Make your escape in 2010

Do you own a bike? Do you like cycling? Do you enjoy holidays? Then have you considered ever going on a bike tour?

A bike tour is basically when you explore a country by bike. Up until recently I never thought about doing it but then two things happened.

The first was reading Moods of Future Joys by Al Humphreys. This was an inspiring read because it showed how much more you get to experience a country on a bike. It also showed me that you didn’t have to be some sort of extreme traveller cyclist type to be able to do it. Anyone could do it with a bit of planning.

The second was being recommended an amazing resource which has made planning a bike tour a lot easier. After having read through it I feel a lot more prepared.

Bats Head, Durdle Door, Dorset Heritage Coast by iknow-UKIn 2010 I’m planning on exploring the British coast . I want to see all those amazing places you see pictures of and think surely that can’t be in the UK? I also want to go further and do a trip around parts of Asia. Possibly starting in Istanbul, though Turkey onwards through parts of Russia. You may have considered taking a similar trip in 2010.

Bicycle Travellers Blueprint

bicycle travellers blueprint The resource I was recommended that I want to share with you is called the Bicycle Travellers Blueprint. It takes you through everything from the equipment you need to the mentality behind bicycle touring. It is a fantastic eBook that converts a complete bike touring beginner like myself into someone who you would think has done it all before.

It is aimed at anyone who wants to do a bike tour. This includes those of us that are happy sleeping in a hotel and those of us that would prefer to sleep in a tent. I’ll probably try the latter because it sounds like a lot of fun and is very cheap.

What I really liked about the Bicycle Travellers Blueprint is that it is easy to read without compromising on the depth of information. Whilst the author Darren Alff has been bike touring for over 8 years he keeps his writing style accessible to anyone including beginners and those with some previous experience.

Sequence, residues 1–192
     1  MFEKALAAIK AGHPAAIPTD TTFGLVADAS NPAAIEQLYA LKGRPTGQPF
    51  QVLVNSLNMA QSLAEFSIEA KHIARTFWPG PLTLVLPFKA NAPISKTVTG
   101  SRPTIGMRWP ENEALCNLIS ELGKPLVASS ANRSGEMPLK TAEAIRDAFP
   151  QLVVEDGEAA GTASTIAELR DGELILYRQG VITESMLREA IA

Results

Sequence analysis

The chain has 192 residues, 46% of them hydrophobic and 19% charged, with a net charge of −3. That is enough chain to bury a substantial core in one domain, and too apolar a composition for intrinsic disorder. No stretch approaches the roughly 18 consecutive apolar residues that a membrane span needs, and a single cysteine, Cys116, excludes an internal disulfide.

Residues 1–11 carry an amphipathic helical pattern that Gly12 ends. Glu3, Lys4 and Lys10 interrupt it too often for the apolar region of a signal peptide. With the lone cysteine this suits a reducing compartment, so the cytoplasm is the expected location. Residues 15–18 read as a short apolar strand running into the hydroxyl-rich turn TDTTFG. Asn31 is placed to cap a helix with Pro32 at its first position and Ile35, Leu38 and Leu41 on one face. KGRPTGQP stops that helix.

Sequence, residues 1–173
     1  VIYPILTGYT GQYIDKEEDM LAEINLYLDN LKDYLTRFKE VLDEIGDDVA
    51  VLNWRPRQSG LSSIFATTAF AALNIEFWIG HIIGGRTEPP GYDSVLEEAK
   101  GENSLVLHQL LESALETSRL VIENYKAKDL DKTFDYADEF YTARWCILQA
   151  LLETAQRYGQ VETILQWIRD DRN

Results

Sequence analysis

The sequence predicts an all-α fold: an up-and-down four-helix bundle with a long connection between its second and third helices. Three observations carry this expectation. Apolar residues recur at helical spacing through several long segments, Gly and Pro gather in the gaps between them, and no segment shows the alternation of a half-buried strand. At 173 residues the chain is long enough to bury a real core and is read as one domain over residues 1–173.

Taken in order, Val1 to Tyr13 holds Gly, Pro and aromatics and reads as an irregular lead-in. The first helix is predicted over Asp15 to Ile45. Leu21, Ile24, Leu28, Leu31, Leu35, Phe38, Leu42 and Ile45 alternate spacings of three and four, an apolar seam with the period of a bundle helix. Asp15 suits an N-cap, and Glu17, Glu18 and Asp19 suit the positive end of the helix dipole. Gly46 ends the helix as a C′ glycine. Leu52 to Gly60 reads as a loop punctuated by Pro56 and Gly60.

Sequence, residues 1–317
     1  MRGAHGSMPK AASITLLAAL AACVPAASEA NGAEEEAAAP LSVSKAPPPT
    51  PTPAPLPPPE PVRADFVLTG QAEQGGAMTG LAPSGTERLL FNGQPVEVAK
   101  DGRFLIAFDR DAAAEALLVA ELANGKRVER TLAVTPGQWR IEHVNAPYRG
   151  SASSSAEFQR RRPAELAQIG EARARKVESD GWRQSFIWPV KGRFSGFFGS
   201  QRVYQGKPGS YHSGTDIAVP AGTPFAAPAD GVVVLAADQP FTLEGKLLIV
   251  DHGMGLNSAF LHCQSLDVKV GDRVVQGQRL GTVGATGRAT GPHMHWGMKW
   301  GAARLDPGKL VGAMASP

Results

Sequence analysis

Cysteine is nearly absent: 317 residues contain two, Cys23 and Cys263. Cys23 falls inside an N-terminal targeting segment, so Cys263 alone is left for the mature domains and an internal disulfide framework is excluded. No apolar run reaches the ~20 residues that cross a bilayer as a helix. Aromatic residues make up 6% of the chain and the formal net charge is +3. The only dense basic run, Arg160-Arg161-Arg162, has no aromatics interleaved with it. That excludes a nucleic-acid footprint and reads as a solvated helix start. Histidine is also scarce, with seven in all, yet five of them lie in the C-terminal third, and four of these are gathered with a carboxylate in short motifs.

The eBook discusses topics such as equipment, finding a partner, how to build up the confidence to go on a bike tour and some of the emotions you will experience. It also has a fairly comical yet at the same time brilliant suggestion of living off your bike for a while before leaving so you can ease your way into it. I would never have thought of doing this. The Blueprint then moves on to creating a plan, doing your trip research and calculating a budget. It pretty much answered all my questions and made me think about things I would not have even considered.

It definitively saved me a lot of time in working these things out for myself. I wanted to recommend it to you as I have found it so useful.

Where to get hold of the blueprint

Click here to find out more about Bicycle Travellers Blueprint

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2 Responses to Make your escape in 2010

  1. Knit Nurse 29/12/2009 at 2:41 pm #

    Having been bike touring for 25 years on and off I would clearly recommend it as a great holiday, but offer one or two bits of advice to beginners.
    Think carefully before you decide to camp, especially on longer trips, and perhaps set aside some of your budget for a night or two in a hostel or hotel along the way. I have camped and toured a couple of times and found that after a long day’s bike ride, the last thing I wanted to do was sleep on the floor, no matter how good my Thermarest. Even if you travel very light, a small tent can still add a lot of weight to your panniers, once you have added sleeping bag, mat, cooking equipment and so on. The time taken to set up and strike camp can become a chore over a longer trip, and I also found it difficult to secure my bike properly on many campsites. Having said that it’s often not as simple as you would expect to secure your bike at hotels or B&Bs – mine has had such diverse overnight stops as posh function rooms and being locked to a picnic table in the pub garden!
    If you are thwarted by the need to find a partner, don’t give up on the idea of travelling solo – most of my touring has been solo and I’ve thoroughly enjoyed the experience. It does mean that sometimes you have to reach inside yourself for that extra bit of motivation when the going gets tough or it’s raining and you get a puncture, but on the other hand you don’t have to endure the resentment when your partner wants to have a late start on a beautiful morning, or refuses to take the scenic/hilly/easy route that you are so keen on.
    Finally, leave some flexibility in your route (this is much easier if you decide to camp as you aren’t so restricted by accommodation). For trips in the UK I usually decide on a starting point and a finishing point, usually railway stations that I book my tickets in advance, to and from on certain days. I usually book the first night’s accommodation but that’s all (and travel outside school holidays to avoid the peak times). The freedom that this gives me is very liberating, and lends the trip a slight whiff of adventure, but not so much that it is too scarey!

  2. Cafewanda 24/04/2010 at 9:51 am #

    Thanks for the tips Knit. I’m very new to cycling but already know I want to do a cycling holiday in the next year or two. This is exciting!

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